Know your labels
Because there is little legislative framework to protect farm animals in the United States, certifications are a critical component to ensure good farm animal welfare for the concerned consumer. Labels and certifications can be confusing. We’re here to help!
No close confinement (cages, crates or tie stalls) are permitted. Access to pasture is a must and animals are allowed to exhibit their natural behavior. You can find where to buy these products here.
This means that the product meets the Humane Farm Animal Care program specification where no close confinement is permitted, such as cages, crates and tie stalls. Animals must not be overcrowded and must have indoor enrichment, such as perches for laying hens and straw for pigs. Access to outdoors is not required for pigs and poultry, but is required for other species. You can download their app to search for Certified Humane products near you or search on their site.
Primarily found at Whole Foods Market, this program is run by the Global Animal Partnership. It is based on a five-step rating system. The ratings range from Step One, “no crates, no cages and no crowding” to Step Five, “animal centered — animals spend their entire life on the same farm.”
In this system, the worst close confinement systems (cages and crates) and feedlots are not permitted. However, painful mutilations are still permitted. Animals do not necessarily have access to pasture, though they will have access to some outdoor area, which may be limited to a screened in concrete ‘porch’. This certification means that no antibiotics are used and the feed is 100% organic.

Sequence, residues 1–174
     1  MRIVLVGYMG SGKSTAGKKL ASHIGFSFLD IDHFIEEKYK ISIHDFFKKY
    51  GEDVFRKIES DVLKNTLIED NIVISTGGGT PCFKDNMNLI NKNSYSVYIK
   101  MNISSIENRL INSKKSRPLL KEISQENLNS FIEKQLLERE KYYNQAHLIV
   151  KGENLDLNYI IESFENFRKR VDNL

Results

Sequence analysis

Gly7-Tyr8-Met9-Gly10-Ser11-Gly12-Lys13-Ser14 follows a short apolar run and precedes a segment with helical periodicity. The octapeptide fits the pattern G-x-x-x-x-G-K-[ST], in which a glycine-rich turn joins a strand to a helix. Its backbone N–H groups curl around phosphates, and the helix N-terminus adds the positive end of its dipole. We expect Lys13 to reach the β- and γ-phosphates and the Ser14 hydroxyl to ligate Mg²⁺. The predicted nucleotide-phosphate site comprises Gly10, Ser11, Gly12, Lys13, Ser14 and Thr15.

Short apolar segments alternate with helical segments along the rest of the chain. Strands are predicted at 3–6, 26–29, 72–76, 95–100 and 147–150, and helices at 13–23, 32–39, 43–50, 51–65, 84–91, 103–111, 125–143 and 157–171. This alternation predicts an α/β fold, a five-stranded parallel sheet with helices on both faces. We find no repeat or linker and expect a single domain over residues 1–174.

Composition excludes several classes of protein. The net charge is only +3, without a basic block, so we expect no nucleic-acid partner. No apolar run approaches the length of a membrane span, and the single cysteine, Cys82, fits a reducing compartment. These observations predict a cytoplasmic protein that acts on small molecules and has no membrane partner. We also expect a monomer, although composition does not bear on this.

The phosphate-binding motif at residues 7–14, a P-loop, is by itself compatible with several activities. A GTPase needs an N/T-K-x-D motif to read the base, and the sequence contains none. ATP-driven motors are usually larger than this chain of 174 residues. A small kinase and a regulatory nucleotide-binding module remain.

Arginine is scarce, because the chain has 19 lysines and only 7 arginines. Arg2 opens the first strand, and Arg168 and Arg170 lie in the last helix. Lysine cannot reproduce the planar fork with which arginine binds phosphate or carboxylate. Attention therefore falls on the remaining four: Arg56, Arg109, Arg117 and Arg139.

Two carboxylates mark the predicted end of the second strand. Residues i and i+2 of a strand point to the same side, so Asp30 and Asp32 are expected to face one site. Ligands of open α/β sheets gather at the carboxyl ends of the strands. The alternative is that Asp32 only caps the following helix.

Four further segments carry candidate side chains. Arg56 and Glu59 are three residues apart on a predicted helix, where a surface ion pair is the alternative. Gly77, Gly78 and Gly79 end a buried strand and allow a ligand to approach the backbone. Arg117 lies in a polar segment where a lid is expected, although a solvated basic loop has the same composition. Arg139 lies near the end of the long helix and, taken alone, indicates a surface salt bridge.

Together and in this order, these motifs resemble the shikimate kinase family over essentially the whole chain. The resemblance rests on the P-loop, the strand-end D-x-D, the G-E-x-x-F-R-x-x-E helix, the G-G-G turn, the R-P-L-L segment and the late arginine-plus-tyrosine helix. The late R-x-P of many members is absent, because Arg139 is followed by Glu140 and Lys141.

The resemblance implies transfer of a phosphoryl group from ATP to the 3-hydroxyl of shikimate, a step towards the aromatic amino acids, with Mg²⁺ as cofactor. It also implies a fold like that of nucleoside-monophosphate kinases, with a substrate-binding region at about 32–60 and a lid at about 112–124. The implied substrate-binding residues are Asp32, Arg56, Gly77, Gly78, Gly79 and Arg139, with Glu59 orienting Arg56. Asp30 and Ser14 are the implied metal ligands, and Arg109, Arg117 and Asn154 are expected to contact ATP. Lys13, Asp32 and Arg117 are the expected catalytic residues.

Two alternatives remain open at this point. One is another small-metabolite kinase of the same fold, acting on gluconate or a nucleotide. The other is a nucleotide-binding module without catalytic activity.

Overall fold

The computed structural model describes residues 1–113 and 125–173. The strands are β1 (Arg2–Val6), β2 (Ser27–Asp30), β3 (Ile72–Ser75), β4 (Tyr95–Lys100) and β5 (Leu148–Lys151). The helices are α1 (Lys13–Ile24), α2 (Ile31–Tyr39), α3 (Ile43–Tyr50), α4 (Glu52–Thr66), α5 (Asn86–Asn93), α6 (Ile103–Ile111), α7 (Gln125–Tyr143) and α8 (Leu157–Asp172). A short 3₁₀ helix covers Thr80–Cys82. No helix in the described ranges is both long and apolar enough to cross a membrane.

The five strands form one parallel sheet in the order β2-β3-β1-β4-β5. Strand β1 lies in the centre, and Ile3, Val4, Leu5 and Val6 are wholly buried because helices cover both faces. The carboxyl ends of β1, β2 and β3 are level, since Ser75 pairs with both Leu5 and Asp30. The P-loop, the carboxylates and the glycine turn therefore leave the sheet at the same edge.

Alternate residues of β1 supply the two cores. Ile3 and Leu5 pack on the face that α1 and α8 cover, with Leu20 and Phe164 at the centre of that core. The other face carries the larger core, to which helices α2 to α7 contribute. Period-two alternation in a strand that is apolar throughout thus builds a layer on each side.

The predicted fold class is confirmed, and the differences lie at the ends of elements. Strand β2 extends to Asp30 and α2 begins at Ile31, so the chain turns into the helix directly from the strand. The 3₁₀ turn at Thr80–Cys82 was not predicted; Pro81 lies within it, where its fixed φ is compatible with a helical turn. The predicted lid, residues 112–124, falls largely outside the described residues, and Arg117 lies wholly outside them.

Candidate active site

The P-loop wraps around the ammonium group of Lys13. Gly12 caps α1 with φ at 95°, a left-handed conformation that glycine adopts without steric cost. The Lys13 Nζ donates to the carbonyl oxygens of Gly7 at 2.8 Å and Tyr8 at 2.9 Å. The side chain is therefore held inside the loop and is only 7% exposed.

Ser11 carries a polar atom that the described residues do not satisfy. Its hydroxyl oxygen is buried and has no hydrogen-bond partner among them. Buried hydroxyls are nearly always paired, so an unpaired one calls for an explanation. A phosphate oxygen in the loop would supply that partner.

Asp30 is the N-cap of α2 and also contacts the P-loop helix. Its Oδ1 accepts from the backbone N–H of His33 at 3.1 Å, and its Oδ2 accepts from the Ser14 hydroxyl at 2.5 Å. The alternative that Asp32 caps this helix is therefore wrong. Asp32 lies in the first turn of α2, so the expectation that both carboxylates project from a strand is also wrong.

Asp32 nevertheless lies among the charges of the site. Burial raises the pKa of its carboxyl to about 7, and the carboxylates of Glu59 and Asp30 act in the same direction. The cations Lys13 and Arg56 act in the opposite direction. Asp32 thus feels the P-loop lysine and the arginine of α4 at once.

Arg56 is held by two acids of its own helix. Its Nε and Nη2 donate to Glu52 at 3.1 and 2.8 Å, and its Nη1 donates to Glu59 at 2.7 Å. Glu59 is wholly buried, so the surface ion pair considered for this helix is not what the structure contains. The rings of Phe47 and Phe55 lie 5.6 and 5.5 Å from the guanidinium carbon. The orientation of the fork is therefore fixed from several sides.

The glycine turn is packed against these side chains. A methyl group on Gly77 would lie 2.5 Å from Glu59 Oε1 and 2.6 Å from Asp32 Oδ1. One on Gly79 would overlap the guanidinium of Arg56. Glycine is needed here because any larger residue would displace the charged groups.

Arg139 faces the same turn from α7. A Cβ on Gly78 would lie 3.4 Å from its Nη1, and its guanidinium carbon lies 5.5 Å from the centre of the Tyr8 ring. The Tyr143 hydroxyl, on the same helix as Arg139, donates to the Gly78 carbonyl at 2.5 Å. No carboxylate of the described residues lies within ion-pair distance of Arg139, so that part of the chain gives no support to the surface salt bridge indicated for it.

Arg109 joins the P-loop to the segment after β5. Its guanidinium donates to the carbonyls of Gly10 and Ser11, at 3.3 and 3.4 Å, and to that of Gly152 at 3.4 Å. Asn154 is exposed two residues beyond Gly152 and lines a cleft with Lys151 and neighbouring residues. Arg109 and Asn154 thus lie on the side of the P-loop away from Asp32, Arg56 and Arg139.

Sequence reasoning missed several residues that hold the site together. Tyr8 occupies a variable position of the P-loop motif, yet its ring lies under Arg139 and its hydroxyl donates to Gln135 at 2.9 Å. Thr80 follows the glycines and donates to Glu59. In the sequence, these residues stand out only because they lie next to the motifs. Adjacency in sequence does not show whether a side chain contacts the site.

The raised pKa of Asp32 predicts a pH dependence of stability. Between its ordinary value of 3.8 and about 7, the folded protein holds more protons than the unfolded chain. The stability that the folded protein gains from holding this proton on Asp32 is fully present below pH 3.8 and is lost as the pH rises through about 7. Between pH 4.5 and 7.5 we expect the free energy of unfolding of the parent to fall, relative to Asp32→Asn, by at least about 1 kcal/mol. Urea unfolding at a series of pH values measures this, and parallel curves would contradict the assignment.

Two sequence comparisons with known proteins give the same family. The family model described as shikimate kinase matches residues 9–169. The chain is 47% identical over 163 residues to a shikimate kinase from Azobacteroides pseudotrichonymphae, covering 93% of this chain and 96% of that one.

This certification does not permit most, but not all, cages and crates. For example, it does not allow gestation crates. They do allow for enriched cages for laying hens and close confinement feedlots for beef cattle. They do not require enrichment for indoor raised meat chickens.
Natural or naturally raised
This claim has no relevance to animal welfare.
Cage free – eggs
With this label, you can be sure hens are not raised in cages. However, it does not mean that hens are given access to outdoors.
Cattle and sheep are given continuous access to the outdoors during the growing season and are permitted to exhibit natural behaviors, such as grazing. They are given forage and grass only to eat, except for milk before weaning. The claim can be voluntarily verified by the USDA.
This means they are not fed animal by products, but has little relevance to animal welfare.
There is no legal definition for ‘humane’. Unless the product has a certification as listed above, there is little way of telling what is meant by this term.
Free range chickens and turkeys
The birds should have outdoor access, though there is no legal definition of this. No information on stocking density, the frequency or duration of how much outdoor access must be provided, nor the quality of the land accessible to the animals is defined. Producers only have to demonstrate to the U.S. Department of Agriculture that the poultry has been allowed access to the outside.
This will mean that no cages are used. This does not mean animal will have outdoor access. It could mean that they are ‘roaming freely’ within a barn or long house. However, it says nothing about the space the animals are given.
If you are looking for animal raised on pasture or outdoors, your best bet is to look for the term ‘pasture raised’.
Pointing out the obvious
Cage free – chicken meat
In the United States, no meat chickens are raised in cages. Cages are only used in the US for egg laying hens. Standard practice for broiler chickens involve crowding them into long enclosed houses, where 30,000 chickens cover the floor wall to wall. So when a label states the chickens are raised cage free, they are pointing out the way in which meat chickens are raised anyhow.
It is illegal to give poultry and pigs hormones. So if a poultry or pig product states they are not feeding their animals hormones, they are only pointing out that they are following the law.